Dozens of federal programs are trying to help people with federal programs find jobs, but only a few do much to measure what kind of a job they’re doing.
Officials at the U.S. Government Accountability Office (GAO) have published that finding in a report prepared for Congress in compliance with the Government Performance and Results Act Modernization Act of 2010 (GPRAMA).
To me it seems as if this report illustrates an important point about the federal government: If we could get past the idea that just about all government programs are inherently evil and ought to be stopped before they plug us into giant battery chargers, or that all government programs are wonderful and ought to be protected from those wicked, greedy corporate executive, maybe we could come together and identify a bunch of programs that are legal, moral and reasonably ethical, by most folks’ standards, but just aren’t working that well and could use some fixing or eliminating.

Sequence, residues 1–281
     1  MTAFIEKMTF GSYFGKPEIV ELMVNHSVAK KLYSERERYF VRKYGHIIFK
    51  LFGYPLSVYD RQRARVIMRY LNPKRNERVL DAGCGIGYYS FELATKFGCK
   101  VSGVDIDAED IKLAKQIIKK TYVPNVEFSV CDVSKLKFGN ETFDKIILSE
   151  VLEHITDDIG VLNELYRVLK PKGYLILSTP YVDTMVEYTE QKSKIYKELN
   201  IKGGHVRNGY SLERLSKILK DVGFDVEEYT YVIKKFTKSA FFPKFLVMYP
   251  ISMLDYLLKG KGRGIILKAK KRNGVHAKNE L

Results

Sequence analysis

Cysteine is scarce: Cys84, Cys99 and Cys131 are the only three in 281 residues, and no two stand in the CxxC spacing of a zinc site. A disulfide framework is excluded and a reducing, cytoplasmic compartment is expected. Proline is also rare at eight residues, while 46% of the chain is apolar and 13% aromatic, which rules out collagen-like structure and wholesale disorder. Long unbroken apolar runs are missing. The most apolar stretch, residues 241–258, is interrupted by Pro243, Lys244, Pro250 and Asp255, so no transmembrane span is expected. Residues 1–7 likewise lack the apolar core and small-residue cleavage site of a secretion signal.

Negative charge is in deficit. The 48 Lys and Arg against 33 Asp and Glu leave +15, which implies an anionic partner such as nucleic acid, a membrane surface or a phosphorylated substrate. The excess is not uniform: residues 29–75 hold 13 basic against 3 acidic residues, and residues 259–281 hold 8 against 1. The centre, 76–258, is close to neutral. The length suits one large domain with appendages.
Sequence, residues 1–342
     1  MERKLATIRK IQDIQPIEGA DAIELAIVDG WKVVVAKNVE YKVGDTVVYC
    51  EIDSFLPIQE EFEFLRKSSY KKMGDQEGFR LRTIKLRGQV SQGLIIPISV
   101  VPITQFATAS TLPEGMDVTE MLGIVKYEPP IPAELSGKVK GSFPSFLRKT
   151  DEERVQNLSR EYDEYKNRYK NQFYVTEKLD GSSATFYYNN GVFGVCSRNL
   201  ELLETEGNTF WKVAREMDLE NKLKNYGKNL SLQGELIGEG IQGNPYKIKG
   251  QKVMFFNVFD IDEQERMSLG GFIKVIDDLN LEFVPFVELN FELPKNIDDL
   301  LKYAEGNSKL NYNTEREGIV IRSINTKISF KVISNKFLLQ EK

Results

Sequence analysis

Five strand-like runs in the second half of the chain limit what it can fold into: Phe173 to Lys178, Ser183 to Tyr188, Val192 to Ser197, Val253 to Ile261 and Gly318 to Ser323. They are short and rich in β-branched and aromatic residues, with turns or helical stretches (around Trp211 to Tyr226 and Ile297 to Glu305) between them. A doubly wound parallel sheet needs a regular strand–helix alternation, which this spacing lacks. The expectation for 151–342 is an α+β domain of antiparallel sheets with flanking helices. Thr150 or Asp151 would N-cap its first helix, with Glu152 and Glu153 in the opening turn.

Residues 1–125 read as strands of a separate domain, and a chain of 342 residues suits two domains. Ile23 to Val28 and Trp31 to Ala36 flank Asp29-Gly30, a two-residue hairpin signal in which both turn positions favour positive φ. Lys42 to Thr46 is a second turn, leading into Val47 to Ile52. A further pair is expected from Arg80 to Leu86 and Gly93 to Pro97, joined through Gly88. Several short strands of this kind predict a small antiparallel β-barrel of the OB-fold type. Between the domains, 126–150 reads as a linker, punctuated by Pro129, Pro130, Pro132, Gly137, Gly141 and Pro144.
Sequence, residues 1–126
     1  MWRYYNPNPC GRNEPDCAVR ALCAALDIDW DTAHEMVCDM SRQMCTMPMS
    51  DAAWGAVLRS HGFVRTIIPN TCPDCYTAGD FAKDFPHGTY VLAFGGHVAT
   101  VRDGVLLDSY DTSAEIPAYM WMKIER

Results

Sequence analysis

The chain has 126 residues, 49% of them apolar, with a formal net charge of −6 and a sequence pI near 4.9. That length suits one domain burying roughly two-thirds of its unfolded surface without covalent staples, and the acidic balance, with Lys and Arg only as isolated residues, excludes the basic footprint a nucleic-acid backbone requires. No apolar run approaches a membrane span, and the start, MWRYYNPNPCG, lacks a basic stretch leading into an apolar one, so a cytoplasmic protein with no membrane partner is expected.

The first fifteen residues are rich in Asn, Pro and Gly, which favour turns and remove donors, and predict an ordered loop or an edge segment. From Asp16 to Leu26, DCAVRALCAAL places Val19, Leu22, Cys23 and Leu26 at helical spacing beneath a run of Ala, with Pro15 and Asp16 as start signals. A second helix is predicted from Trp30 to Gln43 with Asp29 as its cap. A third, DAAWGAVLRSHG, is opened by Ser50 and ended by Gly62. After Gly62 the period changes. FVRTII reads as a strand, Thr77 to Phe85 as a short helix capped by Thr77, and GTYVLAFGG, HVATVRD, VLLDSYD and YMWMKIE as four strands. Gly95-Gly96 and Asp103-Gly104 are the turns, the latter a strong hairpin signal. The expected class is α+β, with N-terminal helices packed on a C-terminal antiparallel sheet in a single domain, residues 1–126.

There are some people who would say that people with disabilities have no right to support other than, perhaps, court protection of their property rights, a share of freely given charitable donations and copies of Atlas Shrugged. In the real world, I think most human societies have made a haphazard effort to provide community-funded help for people with serious disabilities.
Of course, the best way to help people is to help them find jobs, so they don’t need charity.
The GAO says federal government has at least 45 programs that help people with disabilities find jobs.
Some of the programs serve people with disabilities along with members of the general population, such as students and military veterans. Others focus on serving people with disabilities.
About 32 of the programs try to track at least one employment-related outcome — but 13 don’t track outcomes — and the only program that actually had a study demonstrating its impact on the clients was the Job Corps, the GAO officials said.